Category: Archive

Brighton bomber Magee goes free

February 16, 2011

By Staff Reporter

By Andrew Bushe

DUBLIN — Brighton bomber Patrick Magee who almost wiped out former British Prime Minister Margaret Thatcher and her entire cabinet in the Brighton hotel bombing on Oct. 12, 1984 was freed from the Maze Prison outside Belfast on Tuesday.

He had served 14 years of eight life sentences he received, including a judge’s recommendation that he spend a minimum 35 years behind bars. If the judge’s ruling had been followed, Magee would have been 70 before he was freed.

The bombing of the Grand Hotel during the Conservative Party

conference left five people dead and 34 injured.

His early release under the terms of the Good Friday peace agreement led to a chorus of condemnation from British Conservative politicians.

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Party spokesman on Northern Ireland Andrew McKay said that if prisoner releases were stopped it would "concentrate the minds" of the paramilitaries.

"I believe the government has got to stop appeasing the terrorists

and it has got to stand up to them," he said. "In their circles, what they want most, to quote them, is to get the boys out of the Maze. If the boys stop coming out of the Maze, you’d be very surprised at how there could be a change in attitudes in Northern Ireland — less violence and a start to decommissioning."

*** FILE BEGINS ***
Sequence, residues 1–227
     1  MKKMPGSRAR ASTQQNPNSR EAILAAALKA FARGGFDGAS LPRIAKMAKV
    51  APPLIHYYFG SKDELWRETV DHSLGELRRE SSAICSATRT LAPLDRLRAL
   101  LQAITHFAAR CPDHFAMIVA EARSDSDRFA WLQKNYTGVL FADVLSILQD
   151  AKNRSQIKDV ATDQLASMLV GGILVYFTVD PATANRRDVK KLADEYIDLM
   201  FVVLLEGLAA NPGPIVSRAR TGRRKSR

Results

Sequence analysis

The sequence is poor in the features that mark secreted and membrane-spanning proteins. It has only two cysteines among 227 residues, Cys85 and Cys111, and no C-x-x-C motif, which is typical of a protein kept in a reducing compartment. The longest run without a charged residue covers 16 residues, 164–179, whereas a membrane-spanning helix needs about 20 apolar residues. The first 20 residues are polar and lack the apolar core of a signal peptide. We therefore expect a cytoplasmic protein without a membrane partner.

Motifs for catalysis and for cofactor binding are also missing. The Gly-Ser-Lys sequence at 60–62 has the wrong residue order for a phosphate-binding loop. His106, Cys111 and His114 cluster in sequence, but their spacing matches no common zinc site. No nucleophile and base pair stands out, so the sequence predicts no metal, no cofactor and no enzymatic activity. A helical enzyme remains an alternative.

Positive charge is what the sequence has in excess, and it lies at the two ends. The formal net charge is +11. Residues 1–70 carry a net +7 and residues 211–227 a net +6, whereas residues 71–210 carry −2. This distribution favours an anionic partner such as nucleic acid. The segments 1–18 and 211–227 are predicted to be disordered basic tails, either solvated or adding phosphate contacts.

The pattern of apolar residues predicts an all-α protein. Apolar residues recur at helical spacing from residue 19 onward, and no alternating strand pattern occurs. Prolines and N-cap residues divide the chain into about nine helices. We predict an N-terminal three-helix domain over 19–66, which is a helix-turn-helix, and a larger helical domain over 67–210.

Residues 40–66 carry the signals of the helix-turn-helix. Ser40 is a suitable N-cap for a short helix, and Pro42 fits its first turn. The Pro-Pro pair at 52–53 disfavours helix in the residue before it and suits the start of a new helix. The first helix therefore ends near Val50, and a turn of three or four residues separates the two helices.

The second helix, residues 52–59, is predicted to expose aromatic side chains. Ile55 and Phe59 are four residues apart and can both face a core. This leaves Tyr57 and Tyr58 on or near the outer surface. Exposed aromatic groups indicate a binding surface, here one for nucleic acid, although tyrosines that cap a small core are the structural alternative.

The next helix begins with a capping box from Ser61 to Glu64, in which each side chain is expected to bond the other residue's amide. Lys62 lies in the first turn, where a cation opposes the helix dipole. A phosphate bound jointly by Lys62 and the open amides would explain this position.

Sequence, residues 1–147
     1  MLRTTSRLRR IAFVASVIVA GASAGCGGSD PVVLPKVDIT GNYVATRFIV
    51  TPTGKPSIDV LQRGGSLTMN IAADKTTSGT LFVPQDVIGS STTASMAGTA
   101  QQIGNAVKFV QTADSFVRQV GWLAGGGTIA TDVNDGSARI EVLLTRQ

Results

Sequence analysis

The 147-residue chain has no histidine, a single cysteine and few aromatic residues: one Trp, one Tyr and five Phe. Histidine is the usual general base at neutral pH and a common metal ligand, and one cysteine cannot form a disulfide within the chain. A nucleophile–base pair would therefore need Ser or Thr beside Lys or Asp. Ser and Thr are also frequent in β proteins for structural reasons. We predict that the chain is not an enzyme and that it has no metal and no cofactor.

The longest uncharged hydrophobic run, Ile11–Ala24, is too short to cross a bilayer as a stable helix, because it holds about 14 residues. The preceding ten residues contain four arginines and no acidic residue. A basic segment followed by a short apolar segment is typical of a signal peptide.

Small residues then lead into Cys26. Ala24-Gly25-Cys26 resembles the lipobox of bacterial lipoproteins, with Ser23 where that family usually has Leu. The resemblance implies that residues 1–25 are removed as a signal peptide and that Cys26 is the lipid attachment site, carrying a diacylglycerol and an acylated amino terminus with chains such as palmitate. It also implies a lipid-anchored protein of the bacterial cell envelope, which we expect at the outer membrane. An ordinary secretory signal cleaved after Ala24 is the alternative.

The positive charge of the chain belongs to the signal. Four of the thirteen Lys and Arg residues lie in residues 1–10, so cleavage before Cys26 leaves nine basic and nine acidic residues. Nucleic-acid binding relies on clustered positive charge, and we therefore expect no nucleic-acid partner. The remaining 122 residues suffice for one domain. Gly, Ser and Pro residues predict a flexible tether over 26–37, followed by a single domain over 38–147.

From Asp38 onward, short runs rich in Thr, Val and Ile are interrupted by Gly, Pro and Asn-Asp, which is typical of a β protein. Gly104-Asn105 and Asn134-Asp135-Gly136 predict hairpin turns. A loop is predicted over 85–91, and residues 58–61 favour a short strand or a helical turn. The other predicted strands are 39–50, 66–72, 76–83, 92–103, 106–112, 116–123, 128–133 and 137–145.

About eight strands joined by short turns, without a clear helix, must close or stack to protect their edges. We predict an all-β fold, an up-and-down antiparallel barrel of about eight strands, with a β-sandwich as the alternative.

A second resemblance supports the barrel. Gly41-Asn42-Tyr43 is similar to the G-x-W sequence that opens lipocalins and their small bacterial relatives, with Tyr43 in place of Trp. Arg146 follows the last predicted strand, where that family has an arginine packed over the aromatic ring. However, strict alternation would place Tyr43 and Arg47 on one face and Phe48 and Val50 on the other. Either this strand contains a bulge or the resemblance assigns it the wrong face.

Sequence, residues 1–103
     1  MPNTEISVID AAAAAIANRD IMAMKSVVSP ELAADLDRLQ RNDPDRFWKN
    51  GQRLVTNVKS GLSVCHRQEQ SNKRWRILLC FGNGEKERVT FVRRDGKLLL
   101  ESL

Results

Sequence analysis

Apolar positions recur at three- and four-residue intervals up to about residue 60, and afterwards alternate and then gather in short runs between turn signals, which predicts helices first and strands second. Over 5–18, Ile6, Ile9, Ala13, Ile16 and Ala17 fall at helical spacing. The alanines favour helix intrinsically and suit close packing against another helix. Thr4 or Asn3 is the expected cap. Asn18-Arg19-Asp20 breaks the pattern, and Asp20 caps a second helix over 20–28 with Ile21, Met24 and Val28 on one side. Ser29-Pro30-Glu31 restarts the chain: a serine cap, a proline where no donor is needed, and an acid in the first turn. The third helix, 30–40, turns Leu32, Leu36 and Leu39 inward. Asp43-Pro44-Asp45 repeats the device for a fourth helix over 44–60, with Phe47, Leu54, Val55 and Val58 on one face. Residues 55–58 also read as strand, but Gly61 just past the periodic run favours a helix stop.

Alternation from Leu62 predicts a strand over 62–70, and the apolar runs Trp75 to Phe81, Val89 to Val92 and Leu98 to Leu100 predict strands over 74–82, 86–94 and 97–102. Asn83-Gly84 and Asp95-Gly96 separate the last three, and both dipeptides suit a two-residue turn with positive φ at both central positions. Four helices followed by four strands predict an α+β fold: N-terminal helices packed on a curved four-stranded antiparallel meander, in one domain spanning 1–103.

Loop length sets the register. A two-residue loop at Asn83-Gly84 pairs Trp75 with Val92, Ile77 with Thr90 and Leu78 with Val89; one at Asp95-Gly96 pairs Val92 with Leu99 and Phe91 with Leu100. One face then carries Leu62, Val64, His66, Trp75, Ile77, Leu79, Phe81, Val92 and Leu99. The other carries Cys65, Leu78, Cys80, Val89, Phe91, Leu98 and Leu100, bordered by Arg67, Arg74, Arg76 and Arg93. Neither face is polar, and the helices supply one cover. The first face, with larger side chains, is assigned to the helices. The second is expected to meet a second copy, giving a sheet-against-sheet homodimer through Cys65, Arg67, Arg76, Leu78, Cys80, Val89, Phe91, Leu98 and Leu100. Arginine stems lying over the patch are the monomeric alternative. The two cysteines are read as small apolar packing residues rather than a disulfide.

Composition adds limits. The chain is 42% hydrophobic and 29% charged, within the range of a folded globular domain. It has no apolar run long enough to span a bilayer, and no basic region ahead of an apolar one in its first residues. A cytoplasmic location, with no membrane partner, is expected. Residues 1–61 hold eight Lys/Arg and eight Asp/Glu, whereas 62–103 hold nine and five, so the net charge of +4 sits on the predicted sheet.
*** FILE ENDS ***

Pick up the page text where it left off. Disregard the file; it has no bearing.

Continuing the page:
He said the existing strategy risked ending in disaster with all the

paramilitaries back on the streets, no progress and no weapons handed over. Other outraged Tories back his views.

Magee was sentenced for planting the bomb, exploding it, and five

counts of murder. The eighth life sentence was for a separate conspiracy to bomb 16 targets in London and resorts around Britain.

The court was told that three-and-a-half weeks before the bombing,

Magee had checked into the hotel under a fictitious name. He stayed for three days and left a 30-pound bomb hidden behind a bathroom wall with a 24-day timing device attached.

The bomb went off at 2:54 a.m., when most guests were asleep.

The explosion blew a gaping hole in the facade of the hotel. Collapsing masonry narrowly missed Thatcher, who escaped uninjured.

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